Premium members know I’m adopting Google Cast, through Google Home, Chromecast, and other devices, in my new home. But here’s a secret: you can throw whatever from Android, so even apps that don’t natively support this technology can still be streamed to a screen or speakers.
I will soon write a broader explanation of my use of Google Cast technologies as part of my Paul’s Tech Makeover Series for Premium members. But the brief explanation for this technology is that Google created Google Cast as a way to stream content between mobile devices (and, on the PC, the Chrome web browser) and compatible displays and speakers. This can be embedded or added with an external Chromecast device; these are available in video (Full HD and 4K) and audio versions.
Google Cast / Chromecast is great for a number of reasons but, again, for the sake of time, I’ll highlight just two: it supports multi-room audio for full sound if you want it. wish. And it’s super cheap.
For example, a pair of low-end Sonos One speakers will set you back $ 400, and those speakers don’t even have line-in or Apple AirPlay support, which minimizes compatibility. They also only support certain services, so you can do something like play an Audible audiobook on Sonos. Unacceptable.
In comparison, a $ 35 Chromecast Audio paired with a pair of inexpensive speakers or studio monitors—like this pair of $ 99 Edifier R1280T powered bookshelf speakers I own—Provides better sound quality and a lot better compatibility (speakers have multiple line inputs), and they do so at less than a third of the cost. This is the Google model, my friends. It works.
Either way, if there’s one downside to Google Cast / Chromecast, it’s that not all mobile apps support this technology natively. And this is especially true on iOS, if you’ve chosen the iPhone route. (As you may know, I recently switched from iPhone to Android, and while this issue wasn’t at the forefront of my decision, it played a small role.)
For example, if you open Spotify (on Android or iPhone), you’ll see a Available Devices link at the bottom of Now Player that links to Chromecast and Google Cast (and other) compatible speakers.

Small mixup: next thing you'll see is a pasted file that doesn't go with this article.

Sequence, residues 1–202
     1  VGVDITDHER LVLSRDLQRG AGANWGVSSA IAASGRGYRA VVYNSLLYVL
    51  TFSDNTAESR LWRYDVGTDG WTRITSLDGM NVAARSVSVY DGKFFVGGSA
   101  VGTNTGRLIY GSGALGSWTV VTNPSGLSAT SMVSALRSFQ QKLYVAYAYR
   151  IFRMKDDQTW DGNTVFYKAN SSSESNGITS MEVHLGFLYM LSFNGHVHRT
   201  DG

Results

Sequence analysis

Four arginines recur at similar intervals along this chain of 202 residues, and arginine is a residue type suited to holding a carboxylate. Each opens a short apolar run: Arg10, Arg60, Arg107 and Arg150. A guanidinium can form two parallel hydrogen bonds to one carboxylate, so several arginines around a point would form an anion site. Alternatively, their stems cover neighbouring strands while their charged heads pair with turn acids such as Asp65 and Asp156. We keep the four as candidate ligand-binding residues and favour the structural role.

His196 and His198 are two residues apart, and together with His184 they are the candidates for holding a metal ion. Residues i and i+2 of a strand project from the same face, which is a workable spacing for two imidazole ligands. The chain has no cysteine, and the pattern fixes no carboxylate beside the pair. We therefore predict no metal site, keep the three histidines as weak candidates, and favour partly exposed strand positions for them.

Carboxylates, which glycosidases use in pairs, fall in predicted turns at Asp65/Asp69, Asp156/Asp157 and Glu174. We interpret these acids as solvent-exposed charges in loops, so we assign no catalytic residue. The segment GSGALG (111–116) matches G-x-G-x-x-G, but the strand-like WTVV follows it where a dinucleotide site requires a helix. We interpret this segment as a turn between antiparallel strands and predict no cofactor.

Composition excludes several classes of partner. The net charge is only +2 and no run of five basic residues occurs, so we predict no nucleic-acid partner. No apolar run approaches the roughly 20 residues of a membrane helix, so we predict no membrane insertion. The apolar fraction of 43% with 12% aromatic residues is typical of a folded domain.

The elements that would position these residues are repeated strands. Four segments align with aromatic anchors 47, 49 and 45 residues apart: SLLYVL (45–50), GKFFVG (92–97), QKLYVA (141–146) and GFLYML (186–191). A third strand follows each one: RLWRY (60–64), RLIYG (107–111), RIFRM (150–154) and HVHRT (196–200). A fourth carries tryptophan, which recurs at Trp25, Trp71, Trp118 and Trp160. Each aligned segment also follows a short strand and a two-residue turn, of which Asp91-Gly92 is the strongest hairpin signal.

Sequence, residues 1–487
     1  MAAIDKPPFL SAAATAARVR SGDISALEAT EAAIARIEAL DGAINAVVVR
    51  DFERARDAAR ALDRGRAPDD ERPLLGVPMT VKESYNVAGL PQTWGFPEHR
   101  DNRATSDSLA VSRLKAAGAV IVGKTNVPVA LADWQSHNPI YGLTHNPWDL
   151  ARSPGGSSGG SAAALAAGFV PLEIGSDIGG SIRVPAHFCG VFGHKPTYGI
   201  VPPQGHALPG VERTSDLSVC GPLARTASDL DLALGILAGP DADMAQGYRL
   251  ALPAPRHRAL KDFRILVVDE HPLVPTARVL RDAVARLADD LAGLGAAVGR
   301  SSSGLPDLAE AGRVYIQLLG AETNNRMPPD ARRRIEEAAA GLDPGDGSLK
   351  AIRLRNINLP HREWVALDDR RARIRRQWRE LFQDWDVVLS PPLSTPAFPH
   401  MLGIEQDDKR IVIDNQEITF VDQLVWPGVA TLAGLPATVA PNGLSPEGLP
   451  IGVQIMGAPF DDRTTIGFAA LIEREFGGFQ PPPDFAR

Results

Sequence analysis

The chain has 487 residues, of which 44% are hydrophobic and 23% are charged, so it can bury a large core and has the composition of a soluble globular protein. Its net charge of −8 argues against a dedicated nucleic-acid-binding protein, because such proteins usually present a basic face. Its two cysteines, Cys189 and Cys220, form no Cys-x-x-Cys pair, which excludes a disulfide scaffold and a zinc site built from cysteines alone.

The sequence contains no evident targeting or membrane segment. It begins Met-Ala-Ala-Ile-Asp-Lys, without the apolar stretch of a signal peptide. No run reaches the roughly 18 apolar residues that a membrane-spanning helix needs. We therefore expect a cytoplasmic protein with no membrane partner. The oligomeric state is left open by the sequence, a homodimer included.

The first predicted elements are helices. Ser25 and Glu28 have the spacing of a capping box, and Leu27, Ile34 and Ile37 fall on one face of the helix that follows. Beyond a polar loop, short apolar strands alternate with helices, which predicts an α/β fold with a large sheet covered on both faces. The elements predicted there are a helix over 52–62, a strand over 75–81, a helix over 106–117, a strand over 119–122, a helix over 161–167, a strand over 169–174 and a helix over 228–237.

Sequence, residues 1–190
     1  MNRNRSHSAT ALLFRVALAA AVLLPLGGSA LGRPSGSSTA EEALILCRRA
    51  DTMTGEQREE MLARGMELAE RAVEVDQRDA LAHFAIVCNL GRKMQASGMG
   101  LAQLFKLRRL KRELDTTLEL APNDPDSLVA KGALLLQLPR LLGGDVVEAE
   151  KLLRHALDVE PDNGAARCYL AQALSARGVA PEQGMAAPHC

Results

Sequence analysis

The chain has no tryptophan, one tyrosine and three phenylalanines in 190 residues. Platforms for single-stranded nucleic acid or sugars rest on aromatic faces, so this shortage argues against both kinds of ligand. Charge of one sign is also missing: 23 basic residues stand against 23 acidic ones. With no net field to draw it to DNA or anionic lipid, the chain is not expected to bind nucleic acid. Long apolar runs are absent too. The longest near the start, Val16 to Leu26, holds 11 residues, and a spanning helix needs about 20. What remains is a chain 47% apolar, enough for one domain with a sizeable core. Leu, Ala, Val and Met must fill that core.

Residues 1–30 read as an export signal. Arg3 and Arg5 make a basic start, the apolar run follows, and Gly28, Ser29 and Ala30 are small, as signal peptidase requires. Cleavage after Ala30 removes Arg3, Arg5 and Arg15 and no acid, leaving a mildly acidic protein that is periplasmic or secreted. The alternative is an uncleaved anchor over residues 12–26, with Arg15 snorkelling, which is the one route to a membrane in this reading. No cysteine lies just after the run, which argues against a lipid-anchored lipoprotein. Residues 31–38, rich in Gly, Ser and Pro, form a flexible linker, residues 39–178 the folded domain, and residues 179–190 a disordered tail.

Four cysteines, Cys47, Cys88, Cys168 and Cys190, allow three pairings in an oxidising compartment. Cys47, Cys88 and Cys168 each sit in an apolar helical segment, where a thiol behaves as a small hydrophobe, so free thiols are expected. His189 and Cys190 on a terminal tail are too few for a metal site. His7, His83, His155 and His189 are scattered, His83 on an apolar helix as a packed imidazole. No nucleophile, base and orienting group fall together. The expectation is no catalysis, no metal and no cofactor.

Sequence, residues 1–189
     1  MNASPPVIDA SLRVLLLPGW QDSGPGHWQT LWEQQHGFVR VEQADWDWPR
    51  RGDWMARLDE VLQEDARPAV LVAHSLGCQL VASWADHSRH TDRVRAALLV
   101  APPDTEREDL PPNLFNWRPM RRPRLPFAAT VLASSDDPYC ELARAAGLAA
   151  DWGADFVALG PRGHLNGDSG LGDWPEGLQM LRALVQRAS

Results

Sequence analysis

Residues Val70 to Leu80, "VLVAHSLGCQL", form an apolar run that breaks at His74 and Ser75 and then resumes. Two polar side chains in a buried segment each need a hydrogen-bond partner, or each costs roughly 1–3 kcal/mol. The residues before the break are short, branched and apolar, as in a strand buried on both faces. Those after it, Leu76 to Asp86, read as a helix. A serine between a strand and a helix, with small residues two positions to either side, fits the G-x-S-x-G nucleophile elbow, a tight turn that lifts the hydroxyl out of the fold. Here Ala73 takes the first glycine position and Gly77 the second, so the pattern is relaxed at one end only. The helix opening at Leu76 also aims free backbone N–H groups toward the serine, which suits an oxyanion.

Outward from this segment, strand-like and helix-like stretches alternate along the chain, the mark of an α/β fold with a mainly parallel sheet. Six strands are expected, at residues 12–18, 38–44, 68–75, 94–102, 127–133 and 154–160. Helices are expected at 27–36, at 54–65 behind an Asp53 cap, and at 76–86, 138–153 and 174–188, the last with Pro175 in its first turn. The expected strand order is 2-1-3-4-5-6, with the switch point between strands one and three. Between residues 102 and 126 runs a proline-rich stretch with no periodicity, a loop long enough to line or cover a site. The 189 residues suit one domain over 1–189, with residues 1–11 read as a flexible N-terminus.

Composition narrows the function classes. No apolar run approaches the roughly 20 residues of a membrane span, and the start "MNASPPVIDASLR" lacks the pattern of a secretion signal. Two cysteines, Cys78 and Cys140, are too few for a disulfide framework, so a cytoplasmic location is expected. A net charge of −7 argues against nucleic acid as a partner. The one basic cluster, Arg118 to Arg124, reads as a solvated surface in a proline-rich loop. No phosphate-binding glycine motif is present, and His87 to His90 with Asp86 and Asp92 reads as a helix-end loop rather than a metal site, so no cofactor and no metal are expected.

Other apps, like Pocket Cast, provide a more familiar Chromecast icon.
Either way, these options allow you to stream or stream the content you are listening to on a set of speakers (or a group of speakers, or a house full of speakers). If you are watching video content, you can also stream that content to your HDTV / 4K UHD TV using a Chromecast or Chromecast Ultra.
As noted, however, some apps do not natively support Chromecast / Google Cast. The one that bothers me the most is Audible, as I regularly listen to audiobooks. There is no Chromecast icon on the Audible Now Playing screen.
But it doesn’t matter. On Android, you can access a Cast icon in the Notification shade which will broadcast the audio or video content you enjoy on the speakers / speaker groups or screens you have configured.
So if you want to listen to Audible on some Chromecast compatible speaker, as I often do, just turn on Cast and choose the speaker (s).
(If you don’t see a Cast icon, you can add it.)
As you can see, I have several choices – this is what it means to “adopt” Google Cast – which include Google Home devices (Kitchen Home and Sun Room Home), speaker pairs connected to Chromecast (Sun Room , Pauls Office), Google Cast – built-in speakers (Soundbar) and whole-home audio (Thurrott All) consisting of multiple sets of speakers.
Then open Audible and start playing. The audiobook will play on the selected speakers, not your phone’s internal speakers. Here is. You can see you’re streaming through an icon in the status bar, and if you pull down the Notification pane, you’ll see the speaker (s) you’re connected to, named by the Stream icon.
On iOS, you’re a little stuck: This operating system supports streaming to AirPlay-enabled speakers (and, through Apple TV, displays) only. And these solutions are very expensive. So if you want to use Chromecast with iOS, you need to use a Chromecast compatible app. Audible, unfortunately, is not one of them.
(It would be nice if you could trigger the screen / audio broadcast from the Google Home app, then select which app to use for playback. But Apple would never allow that.)